- Nobility – A Poem by Alice Cary
- No Leaders Please – A Poem by Charles Bukowski
- I Keep Six Honest Serving Men – A Poem by Rudyard Kipling
- The Thought Fox – A Poem by Ted Hughes
- Poetry – A Poem by Marianne Moore
- The Road Not Taken – A Poem By Robert Frost
- What Work Is – A Poem by Philip Levine
- I Know Why The Caged Bird Sings – A Poem by Maya Angelou
- East Coker – A Poem by T. S. Eliot
- A Builders’ Lesson – A Poem by John Boyle O’Reilly
- The Inevitable – A Poem by Sarah Knowles Bolton
- Thinking – A Poem by Walter D. Wintle
- Will – A Poem by Ella Wheeler Wilcox
- The One I Hate – A Poem by Strickland Gillilan
- If – A Poem by Rudyard Kipling
One of the most famous poems in English-speaking literature, If has become a milestone in worldwide poetry, and a reference point for generations of readers. In it, Kipling has been able to summarize the reflections of an entire generation of people, addressing and questioning a way of living and acting that had symbolised the western culture for centuries.
This is the 15th contribution to my Poetry & Management collection. Poetry has always been one of my favourite forms of expressions, probably one of the eclectic sides of my multipotentialite trait. I feel it can be really useful as support in our management and leadership quests, as it is probably one of the greatest tools of sense-making and self-expression. Which is why I will be sharing more of these over time.
If you can keep your head when all about you
Are losing theirs and blaming it on you;
If you can trust yourself when all men doubt you,
But make allowance for their doubting too:
If you can wait and not be tired by waiting,
Or, being lied about, don’t deal in lies,
Or being hated don’t give way to hating,
And yet don’t look too good, nor talk too wise;
If you can dream—and not make dreams your master;
If you can think—and not make thoughts your aim,
If you can meet with Triumph and Disaster
And treat those two impostors just the same:
If you can bear to hear the truth you’ve spoken
Twisted by knaves to make a trap for fools,
Or watch the things you gave your life to, broken,
And stoop and build ’em up with worn-out tools;
If you can make one heap of all your winnings
And risk it on one turn of pitch-and-toss,
And lose, and start again at your beginnings,
And never breathe a word about your loss:
If you can force your heart and nerve and sinew
To serve your turn long after they are gone,
And so hold on when there is nothing in you
Except the Will which says to them: “Hold on!”
If you can talk with crowds and keep your virtue,
Or walk with Kings—nor lose the common touch,
If neither foes nor loving friends can hurt you,
If all men count with you, but none too much:
If you can fill the unforgiving minute
With sixty seconds’ worth of distance run,
Yours is the Earth and everything that’s in it,
And—which is more—you’ll be a Man, my son!
Source: Rudyard Kipling, Rewards and Fairies, 1909.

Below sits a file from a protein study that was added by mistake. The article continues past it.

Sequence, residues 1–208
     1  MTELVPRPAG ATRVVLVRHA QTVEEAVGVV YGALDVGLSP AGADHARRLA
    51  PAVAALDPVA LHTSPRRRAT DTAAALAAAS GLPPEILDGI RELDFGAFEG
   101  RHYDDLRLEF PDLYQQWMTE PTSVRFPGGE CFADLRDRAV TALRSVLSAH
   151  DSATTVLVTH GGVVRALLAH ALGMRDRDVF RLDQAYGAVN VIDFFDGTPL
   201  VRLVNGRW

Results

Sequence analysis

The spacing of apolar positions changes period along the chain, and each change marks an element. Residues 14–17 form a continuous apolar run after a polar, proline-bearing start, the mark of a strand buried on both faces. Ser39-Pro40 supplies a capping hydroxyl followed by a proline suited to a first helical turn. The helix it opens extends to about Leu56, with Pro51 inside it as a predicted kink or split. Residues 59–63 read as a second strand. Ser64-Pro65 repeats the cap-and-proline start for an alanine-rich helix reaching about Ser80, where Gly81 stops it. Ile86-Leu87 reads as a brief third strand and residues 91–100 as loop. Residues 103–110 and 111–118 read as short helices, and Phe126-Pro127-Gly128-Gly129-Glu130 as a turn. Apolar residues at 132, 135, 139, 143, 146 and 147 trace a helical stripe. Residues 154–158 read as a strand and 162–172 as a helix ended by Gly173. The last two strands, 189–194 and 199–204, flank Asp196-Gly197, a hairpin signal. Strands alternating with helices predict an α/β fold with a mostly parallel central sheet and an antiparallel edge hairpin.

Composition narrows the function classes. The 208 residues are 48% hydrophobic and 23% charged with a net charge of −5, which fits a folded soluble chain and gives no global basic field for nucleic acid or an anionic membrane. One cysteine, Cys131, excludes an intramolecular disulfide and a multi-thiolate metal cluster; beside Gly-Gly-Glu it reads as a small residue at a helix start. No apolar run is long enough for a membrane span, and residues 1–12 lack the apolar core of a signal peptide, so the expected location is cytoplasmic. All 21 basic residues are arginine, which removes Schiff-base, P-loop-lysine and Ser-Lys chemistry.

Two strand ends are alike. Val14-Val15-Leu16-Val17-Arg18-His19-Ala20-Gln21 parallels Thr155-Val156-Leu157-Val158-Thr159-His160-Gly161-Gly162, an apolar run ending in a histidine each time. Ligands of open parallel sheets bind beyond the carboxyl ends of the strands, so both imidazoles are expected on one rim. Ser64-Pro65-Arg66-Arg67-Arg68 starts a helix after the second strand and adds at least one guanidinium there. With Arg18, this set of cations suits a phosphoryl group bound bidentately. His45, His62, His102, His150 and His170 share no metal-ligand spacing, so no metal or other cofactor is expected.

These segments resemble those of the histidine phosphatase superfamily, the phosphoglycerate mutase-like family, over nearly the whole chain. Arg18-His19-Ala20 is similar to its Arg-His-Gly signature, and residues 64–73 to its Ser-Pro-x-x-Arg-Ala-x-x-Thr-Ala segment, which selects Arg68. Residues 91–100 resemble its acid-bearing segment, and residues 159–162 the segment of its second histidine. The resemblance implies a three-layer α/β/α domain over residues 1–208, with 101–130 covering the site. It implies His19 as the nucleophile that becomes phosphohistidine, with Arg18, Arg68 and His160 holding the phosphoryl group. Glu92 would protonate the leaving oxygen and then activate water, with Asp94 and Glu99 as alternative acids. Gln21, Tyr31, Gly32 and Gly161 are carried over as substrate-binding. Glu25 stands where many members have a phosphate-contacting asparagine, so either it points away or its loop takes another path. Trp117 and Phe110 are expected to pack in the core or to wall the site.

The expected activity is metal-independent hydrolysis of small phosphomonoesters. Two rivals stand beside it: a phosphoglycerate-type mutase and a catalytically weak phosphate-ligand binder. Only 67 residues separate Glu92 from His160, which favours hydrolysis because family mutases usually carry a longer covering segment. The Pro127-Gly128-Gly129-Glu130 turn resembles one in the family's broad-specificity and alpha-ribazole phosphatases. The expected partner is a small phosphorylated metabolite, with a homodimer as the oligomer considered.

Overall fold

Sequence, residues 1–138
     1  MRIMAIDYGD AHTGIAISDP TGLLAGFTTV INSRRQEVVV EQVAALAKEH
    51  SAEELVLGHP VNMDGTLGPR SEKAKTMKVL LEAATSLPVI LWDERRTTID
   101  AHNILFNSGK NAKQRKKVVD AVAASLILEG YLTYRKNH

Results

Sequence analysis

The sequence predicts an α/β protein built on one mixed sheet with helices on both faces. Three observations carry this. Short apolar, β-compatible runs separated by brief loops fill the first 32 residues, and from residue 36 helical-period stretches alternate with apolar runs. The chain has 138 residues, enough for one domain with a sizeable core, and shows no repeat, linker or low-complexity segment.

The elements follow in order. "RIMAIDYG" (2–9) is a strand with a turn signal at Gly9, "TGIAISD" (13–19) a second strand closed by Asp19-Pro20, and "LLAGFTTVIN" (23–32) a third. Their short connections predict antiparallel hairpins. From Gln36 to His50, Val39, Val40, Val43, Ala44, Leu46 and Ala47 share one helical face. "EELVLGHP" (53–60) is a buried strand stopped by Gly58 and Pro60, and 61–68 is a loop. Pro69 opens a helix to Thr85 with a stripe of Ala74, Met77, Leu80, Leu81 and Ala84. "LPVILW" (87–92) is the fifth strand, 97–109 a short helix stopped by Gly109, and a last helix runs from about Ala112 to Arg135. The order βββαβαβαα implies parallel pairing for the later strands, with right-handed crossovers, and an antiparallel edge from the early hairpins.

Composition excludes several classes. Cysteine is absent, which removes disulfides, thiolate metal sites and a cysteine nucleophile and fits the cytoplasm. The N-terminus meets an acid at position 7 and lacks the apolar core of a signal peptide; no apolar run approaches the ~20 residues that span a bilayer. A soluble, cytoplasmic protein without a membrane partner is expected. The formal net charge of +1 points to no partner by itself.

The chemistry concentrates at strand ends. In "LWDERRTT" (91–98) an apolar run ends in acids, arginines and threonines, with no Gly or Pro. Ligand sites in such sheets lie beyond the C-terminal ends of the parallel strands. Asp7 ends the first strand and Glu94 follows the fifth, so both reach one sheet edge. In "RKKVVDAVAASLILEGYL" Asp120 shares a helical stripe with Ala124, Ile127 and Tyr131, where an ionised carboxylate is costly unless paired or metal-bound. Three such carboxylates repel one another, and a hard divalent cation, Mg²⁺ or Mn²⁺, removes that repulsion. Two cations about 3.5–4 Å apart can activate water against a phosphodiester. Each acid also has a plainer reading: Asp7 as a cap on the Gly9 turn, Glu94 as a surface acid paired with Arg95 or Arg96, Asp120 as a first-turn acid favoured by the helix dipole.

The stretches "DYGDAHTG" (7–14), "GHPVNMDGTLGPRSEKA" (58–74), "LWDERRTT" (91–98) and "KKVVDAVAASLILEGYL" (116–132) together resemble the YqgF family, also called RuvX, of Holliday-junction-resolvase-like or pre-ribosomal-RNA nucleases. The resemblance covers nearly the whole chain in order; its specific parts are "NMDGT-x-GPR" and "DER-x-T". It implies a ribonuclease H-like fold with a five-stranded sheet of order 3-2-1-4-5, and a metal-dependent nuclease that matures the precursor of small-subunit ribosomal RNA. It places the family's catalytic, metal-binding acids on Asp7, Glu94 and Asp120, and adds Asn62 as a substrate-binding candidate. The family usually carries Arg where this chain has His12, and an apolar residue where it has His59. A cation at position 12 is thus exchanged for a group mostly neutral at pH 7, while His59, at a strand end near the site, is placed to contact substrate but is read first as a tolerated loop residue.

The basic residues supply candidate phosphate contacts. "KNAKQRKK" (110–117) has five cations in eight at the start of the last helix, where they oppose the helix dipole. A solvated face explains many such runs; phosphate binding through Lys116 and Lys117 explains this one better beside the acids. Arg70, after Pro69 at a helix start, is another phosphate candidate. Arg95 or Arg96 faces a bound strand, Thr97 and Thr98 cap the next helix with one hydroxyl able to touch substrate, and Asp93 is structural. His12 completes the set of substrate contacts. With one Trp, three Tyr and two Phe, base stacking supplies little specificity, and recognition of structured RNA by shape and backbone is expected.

A Short Comment
It’s difficult to add something to the thousands of words already written on this poem, up to the point that there are also versions written from a Project Manager perspective. Endless number of leadership commentator have been writing about the value of “If” as an inspirational piece.
If develops on a concept of a set of rules to live a grown-up life. Kipling keeps himself distant from the concept of success we use to often in the west: this poetry is mostly about integrity as the key for living a “full life”.
Self-development is the key measure of this work, whereby most of the suggestions can be read as good practices, rules for a running a decent life. The baseline is keeping your head and trusting yourself when others blame you or mistrust you. It’s not about rejecting criticism as a whole, but dispersing the negative energies of the blaming game. yet don’t look too good, nor talk too wise, elements that add to the message of building a humble personality, far away from the self-promotion sirens that the world wants us to play. A key message also for authenticity.
One of the messages that appeal to me the most is the focus on will that the poem has when the author writes Or watch the things you gave your life to, broken, / And stoop and build ’em up with worn-out tools. The amount of energy that is needed in building again something broken, with “worn-out tools” is the key to real perseverance.
Virtue is what plays the most important role in this poem, and the lines that refer to it are also a great remnant of great Leadership qualities. Because a Leader can walk with Kings, but should never loose the common touch. It can lead with both friends and foes, but above all, all men should count with you, but none too much.
The final touch is for me equally inspiring: filling time with worthy acts. This becomes the most important advice, because also one minute, if lost, does make our life a bit more miserable.
What do you think of this poem? Write a Comment below.
Cover Image: Rudyard Kipling. Source: The Churchill Project